The Big Valley, Neil Diamond, Diddy and body slams: the curious connections of ''Brother Love''
Is there a way Robert Goulet inspired a classic Hulk Hogan villain?
Images: The Big Valley / UNI Records / Titan Sports
Robert Goulet looks much different without the mustache, but you recognize his buttery baritone immediately. It's the opening scene of episode No. 53 of The Big Valley. The year was 1967, in Goulet's clean-shaven, pre-whiskers era. (He grew his 'stache, like so many American men, at the dawn of the Seventies.)
"Share it with me, brother," Goulet croons, pumping away on a rickety organ and stomping a kick drum. "It's a beautiful day!"
The song, "Brotherly Love," was written by Dean Kay and Hal Blair, both big names. Kay penned "That's Life" for Sinatra; the more country-tinged Blair wrote "I'm Yours" for Elvis and "Ringo," a No. 1 hit in 1964 for Bonanza star Lorne Greene.
Anyway, the episode, "Brother Love" revolves around Goulet's itinerant evangelist character, who is later, inevitably, revealed to be a conman. The preacher wanders from town to town in his yellow wagon healing the sick and mute. Only the sick and mute (one of whom is played by Gavin MacLeod, who has more hair than you remember) are in on the scam. Audra Barkley (Linda Evans) falls for the handsome healer.
Western fans perhaps had a whiff of familiarity then, when two years later, Neil Diamond scored a Top 40 hit with "Brother Love's Traveling Salvation Show," the first cut on his 1969 album of the same name. Diamond, hot off romantic smashes like "Cherry, Cherry" and "Girl, You'll Be a Woman Soon," took an unexpected turn on the track.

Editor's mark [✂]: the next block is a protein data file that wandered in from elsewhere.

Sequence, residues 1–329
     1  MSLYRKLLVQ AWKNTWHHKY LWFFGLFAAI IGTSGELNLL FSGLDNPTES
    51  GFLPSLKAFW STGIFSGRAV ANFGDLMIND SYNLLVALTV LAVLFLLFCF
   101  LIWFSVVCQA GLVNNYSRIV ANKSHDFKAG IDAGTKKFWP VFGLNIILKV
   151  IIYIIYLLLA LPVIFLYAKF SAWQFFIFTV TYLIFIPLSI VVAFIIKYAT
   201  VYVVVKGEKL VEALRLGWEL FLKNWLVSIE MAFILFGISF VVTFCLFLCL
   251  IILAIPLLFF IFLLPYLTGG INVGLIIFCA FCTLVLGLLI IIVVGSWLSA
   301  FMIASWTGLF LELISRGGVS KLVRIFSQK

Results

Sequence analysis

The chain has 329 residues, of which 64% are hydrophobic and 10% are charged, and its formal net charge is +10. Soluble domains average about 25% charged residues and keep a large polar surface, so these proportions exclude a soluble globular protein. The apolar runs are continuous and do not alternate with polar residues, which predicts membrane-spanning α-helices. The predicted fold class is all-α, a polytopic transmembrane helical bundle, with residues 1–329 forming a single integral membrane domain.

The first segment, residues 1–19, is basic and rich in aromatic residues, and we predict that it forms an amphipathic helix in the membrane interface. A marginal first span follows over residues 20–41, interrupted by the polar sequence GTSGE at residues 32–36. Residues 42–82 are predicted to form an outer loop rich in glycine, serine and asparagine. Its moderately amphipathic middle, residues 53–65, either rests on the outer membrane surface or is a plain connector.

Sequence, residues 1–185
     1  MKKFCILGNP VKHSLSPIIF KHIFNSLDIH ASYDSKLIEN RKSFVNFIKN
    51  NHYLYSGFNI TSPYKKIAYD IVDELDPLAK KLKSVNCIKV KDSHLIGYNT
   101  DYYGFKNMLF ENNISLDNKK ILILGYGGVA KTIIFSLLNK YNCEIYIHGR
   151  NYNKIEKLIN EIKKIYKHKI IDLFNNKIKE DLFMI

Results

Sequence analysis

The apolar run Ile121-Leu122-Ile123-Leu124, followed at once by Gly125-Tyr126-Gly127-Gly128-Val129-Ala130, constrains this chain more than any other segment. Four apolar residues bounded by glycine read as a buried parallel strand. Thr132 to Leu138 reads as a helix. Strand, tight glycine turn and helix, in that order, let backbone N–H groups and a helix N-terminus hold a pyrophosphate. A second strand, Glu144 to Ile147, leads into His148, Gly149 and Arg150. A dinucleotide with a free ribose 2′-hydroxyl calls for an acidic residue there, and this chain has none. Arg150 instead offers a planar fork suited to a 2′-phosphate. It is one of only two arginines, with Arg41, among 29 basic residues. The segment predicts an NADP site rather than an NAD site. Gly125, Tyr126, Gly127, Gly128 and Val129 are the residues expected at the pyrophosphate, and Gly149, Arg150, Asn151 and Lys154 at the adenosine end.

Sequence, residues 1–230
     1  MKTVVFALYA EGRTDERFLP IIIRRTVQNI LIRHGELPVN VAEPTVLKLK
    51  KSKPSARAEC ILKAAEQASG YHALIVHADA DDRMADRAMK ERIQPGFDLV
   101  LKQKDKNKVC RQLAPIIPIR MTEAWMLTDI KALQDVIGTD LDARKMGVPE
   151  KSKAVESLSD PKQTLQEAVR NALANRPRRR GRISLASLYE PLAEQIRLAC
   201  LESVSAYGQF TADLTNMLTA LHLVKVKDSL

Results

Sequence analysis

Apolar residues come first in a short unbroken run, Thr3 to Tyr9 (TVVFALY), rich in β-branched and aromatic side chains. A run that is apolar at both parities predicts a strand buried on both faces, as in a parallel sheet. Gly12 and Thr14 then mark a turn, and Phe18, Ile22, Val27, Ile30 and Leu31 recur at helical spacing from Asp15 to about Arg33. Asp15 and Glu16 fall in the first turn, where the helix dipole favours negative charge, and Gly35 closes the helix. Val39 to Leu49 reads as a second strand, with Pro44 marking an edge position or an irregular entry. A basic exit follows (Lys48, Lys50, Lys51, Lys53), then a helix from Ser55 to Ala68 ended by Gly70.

"You could hear yourself sweat, he walks in / Eyes black as coal," Diamond sings. "And when he lets go / Half the valley shakes."
That "valley" in there perks up our ears. Could it have been mere coincidence that Diamond wrote a song about a Brother Love not long after The Big Valley aired "Brother Love"? Diamond, who got into hot water with conservative Christians over the song, explained that he was inspired to write the song after attending a spine-tingling tent revival. But that "Brother Love" character had to come from somewhere. Even the album cover, which depicts Diamond sitting on the buckboard of a wagon, brings to mind Goulet's transportation in that episode.
The idea of Brother Love would continue to trickle down into strange arenas over the following decades. In the 1980s, a Brother Love literally entered arenas in the World Wrestling Federation. A villain of Hulk Hogan's, Brother Love seemed perpetually sunburned and sweaty. The smarmy character, portrayed by Bruce Prichard, was based on the televangelists of the era, and served as a manager to the heels of the WWF. "I love you!" he would declare through his fake, gleaming smile.
It certainly seems possible that Prichard pulled the character from the Neil Diamond song. Although, by then, the moniker "Brother Love" had more meaning. It was one of the aliases of separatist leader Yahweh ben Yahweh, a.k.a. Hulon Mitchell Jr., a.k.a. Hulah Shah, a.k.a. Father Michel. He founded the new religious movement the Nation of Yahweh in late 1970s. In 1991, he was convicted of conspiring to murder.
Speaking of aliases, "Brother Love" made headlines earlier this year when Sean "Diddy" Combs, formerly known as Puff Daddy and P. Diddy, announced he was changing his name to "Brother Love." He later backtracked and said he was "only joking," though on Jimmy Kimmel Live! the music mogul reiterated that he now answers to the name "Love."
So, did this chain of events all start with The Big Valley? We can not prove it, but we like to think so. Clear evidence of a direct link between the Robert Goulet character and the rapper behind "I'll Be Missing You" might not be there, but it just takes a little faith in the power of classic television.